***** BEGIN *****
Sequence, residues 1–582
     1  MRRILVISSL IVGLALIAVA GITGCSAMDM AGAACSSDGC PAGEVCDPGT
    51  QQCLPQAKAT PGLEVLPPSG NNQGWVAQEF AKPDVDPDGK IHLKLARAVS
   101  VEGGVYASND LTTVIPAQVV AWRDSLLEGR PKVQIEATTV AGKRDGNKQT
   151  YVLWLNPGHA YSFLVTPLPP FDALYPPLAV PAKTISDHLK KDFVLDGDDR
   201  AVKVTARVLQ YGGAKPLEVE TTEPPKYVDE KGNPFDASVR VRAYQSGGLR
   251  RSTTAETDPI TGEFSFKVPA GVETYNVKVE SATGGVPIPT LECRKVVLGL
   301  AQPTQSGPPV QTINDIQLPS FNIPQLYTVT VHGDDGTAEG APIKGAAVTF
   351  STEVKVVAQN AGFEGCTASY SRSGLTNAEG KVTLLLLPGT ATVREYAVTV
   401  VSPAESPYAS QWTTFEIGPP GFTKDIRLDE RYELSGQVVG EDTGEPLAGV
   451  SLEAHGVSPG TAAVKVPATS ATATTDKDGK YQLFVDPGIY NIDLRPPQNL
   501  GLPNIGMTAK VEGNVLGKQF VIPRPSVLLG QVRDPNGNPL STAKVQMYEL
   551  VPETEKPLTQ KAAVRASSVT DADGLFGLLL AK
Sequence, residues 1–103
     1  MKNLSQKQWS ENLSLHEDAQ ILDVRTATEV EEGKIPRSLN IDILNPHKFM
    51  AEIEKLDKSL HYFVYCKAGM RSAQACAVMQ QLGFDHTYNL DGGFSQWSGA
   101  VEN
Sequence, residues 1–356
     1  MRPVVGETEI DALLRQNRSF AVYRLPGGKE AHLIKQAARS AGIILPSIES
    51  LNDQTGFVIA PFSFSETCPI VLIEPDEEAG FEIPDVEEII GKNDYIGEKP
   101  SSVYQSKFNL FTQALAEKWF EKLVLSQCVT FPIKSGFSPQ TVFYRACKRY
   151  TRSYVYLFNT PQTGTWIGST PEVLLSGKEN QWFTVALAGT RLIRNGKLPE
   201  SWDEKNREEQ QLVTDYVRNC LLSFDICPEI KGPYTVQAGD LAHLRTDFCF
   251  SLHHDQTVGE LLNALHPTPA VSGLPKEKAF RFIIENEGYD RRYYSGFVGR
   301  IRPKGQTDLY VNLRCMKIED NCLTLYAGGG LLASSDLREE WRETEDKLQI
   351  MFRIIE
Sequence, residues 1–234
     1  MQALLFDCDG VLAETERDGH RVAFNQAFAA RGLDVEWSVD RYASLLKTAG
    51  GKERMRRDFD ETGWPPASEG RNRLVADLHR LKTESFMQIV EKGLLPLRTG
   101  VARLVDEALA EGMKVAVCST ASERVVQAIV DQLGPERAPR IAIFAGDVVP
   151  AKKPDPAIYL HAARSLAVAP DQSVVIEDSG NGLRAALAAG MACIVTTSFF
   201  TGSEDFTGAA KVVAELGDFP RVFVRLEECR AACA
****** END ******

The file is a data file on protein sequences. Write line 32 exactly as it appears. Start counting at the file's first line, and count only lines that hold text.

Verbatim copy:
   201  TGSEDFTGAA KVVAELGDFP RVFVRLEECR AACA